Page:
Robert A. Bonavito, CPA PC

New Jersey Business Valuation Accountant: Performing Valuations

Video Transcript 

My name's Robert Bonavito, New Jersey Forensic Accountant. This video is part of a series of videos where I discuss forensic accounting topics for educational purposes only. If this was a litigated matter, I would take a different approach, have different conclusions based on different facts and circumstances.

And today, I'm going to discuss business valuations. Just today, I had a guy in my office going...didn't understand why he needed a business valuation. This had to be a matrimonial issue, and he's, "Well, why can't we just say the value is this or that value is that?" I said, "No." I said, "First of all, if we're gonna establish a value for your company, there's certain things I have to do. Remember, the attorneys for the other side are gonna look at this, the judge is gonna look at this, and the jury may look at this. And there's certain procedures that I have to follow in order to be credible with the value of this business."

I can't just say that, you know, the deli or whatever sold for $50,000 next door, therefore, his deli's worth $50,000 because what if the deli is Carnegie Deli in New York? Well, guess what, that deli's probably worth $10 million, okay? The deli in town is probably worth $50,000 maybe, whatever, but as a business valuation expert, there are certain things you must do to look at it because everybody thinks that businesses are all the same.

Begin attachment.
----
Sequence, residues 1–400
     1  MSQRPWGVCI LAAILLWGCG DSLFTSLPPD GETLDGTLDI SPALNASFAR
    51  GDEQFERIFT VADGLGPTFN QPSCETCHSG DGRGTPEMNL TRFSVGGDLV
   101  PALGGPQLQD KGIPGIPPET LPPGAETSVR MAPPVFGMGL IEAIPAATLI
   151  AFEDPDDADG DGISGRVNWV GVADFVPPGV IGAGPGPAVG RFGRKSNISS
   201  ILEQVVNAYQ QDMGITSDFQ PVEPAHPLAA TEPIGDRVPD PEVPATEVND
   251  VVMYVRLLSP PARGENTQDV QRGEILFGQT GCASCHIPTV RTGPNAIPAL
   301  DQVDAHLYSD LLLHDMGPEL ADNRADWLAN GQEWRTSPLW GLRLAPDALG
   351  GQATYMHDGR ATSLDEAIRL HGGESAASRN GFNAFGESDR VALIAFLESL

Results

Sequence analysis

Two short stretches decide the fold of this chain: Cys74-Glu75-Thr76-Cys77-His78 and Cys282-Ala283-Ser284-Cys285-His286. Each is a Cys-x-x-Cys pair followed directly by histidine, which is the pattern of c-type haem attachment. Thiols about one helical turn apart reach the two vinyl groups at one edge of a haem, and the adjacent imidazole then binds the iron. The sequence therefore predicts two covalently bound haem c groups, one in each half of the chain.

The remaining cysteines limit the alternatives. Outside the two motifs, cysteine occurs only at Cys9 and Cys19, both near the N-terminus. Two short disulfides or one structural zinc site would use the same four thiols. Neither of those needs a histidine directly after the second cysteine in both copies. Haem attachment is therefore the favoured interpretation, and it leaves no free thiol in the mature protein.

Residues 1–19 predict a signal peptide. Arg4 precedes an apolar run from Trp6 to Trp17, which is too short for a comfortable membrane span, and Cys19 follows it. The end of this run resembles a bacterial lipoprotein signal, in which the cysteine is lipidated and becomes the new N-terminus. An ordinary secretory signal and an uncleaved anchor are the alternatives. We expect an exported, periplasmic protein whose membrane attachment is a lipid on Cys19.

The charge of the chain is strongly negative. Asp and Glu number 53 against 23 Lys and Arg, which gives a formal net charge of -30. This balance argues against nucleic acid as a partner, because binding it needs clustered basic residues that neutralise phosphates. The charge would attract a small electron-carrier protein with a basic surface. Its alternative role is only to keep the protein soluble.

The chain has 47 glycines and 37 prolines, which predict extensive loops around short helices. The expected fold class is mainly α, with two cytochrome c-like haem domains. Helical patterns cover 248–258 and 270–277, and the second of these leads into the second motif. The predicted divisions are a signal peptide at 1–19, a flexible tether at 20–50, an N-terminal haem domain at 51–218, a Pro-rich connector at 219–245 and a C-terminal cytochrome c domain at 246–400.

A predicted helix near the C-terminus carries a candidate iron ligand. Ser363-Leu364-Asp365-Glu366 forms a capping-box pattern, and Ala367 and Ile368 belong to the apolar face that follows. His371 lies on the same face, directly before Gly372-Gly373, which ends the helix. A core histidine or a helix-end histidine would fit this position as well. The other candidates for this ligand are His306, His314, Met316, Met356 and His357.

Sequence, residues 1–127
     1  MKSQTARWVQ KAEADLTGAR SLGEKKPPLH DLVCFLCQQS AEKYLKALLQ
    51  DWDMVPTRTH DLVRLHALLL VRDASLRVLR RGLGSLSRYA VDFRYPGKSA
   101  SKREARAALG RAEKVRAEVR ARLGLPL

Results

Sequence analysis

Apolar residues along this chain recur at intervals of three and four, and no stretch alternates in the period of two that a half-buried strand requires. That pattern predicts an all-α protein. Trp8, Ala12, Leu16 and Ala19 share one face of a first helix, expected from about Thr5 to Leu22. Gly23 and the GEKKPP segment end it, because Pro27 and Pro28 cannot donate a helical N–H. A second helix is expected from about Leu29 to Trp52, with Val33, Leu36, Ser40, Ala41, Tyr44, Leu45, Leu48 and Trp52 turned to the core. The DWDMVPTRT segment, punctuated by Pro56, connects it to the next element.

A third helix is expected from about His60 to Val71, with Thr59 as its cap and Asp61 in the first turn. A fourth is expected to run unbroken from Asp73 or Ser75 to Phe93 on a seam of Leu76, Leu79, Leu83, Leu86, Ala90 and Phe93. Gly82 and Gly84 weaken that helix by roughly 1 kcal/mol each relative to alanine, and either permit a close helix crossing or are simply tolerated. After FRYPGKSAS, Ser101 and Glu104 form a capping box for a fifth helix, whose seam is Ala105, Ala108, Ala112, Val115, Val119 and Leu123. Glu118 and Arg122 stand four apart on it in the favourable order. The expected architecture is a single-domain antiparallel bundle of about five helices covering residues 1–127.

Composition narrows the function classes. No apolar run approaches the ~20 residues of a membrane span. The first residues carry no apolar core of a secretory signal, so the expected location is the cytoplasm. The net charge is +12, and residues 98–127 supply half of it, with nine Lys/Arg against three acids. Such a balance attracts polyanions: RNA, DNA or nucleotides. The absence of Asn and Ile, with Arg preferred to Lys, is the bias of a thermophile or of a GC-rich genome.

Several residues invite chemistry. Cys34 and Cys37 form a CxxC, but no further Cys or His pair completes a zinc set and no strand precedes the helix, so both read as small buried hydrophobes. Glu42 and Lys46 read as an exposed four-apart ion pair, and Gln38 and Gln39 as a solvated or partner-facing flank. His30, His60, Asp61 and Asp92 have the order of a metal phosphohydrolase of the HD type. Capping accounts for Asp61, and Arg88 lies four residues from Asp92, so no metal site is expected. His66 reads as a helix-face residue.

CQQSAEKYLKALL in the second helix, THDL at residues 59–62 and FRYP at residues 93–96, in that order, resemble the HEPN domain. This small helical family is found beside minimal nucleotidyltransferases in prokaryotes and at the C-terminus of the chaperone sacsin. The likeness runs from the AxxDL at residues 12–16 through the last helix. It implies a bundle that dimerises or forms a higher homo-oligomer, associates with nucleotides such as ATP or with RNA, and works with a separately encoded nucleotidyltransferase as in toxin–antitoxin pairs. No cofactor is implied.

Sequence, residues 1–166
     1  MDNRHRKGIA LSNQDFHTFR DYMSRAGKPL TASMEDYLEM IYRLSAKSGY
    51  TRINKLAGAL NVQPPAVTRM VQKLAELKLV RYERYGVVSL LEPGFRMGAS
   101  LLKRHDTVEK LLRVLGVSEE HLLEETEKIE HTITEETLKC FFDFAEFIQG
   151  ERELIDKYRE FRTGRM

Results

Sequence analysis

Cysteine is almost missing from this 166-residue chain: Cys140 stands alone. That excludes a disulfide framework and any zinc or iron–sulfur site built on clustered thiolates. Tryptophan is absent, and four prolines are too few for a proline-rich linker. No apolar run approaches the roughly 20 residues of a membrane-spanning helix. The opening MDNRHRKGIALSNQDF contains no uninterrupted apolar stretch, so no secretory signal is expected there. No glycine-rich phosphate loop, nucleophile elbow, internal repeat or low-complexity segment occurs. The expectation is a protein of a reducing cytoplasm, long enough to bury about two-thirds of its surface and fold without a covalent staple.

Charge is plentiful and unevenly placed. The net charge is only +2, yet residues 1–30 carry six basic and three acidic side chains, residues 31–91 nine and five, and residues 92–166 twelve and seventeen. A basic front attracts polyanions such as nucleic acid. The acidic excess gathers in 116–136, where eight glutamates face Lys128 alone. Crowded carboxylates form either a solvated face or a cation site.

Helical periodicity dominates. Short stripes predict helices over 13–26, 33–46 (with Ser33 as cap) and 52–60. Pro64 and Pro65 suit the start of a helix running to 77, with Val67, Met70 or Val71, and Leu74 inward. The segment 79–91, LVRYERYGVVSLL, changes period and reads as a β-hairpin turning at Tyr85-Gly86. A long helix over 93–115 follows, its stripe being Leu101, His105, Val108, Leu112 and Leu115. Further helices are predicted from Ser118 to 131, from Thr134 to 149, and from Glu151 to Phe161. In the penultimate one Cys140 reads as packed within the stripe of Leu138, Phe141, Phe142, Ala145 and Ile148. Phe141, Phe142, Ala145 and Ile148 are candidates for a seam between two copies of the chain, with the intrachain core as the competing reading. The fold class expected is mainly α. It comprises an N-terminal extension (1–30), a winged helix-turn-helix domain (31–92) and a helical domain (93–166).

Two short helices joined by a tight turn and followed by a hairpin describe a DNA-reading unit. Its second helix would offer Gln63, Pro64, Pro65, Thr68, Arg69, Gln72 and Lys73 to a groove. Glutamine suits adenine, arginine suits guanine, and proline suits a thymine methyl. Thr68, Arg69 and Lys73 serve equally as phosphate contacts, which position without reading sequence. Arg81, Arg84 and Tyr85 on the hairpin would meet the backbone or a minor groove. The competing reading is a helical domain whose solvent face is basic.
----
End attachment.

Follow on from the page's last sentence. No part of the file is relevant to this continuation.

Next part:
They think that all McDonalds' are the same, they think that all these franchises are...they're not all the same, businesses are different, okay? Some businesses are in good locations, some are in bad. Some have great management, some have poor. Some are known for a product that they can't get anywhere, the best shake, or the best hamburger, or whatever. No two businesses are really the same and that's why you have to look, and do, all the work when you do a business valuation.

Now, if you need a business valuation done, first of all, you gotta make sure you have the right credentials because you can't testify if you don't study how to do a business valuation, okay? ABV, Accredited in Business Valuation, is very important. That's where they teach you how to do this, how to go through it, what procedures to do, or there's, like, four or five that are accepted. But ABV is one body, American Institute of Certified Public Accountants, which carries a lot of weight, CVA, Certified Valuation Analyst, is a big one. Those two, I think, are the important ones, but I do think that when you're valuing a business, a firm and good understanding of accounting is very important. Because a lot of what you're doing is gonna be looking at records and interviewing people, and understanding gross profit margins, and sales, and things like that. Why would you need a business valuation, okay?

Sometimes, it's a matrimonial breakup. It could be wanna have a family limited partnership. It could be litigation, you're getting sued and they wanna know what the company's worth. It could be almost anything. A lot of times, valuations are done because partnerships are breaking up and when you break up a partnership, you know, if you have a partner who owns 33%, you gotta value that 33%. And remember, we're not talking about companies that are listed on a New York Stock Exchange, these are, you know, companies, small companies.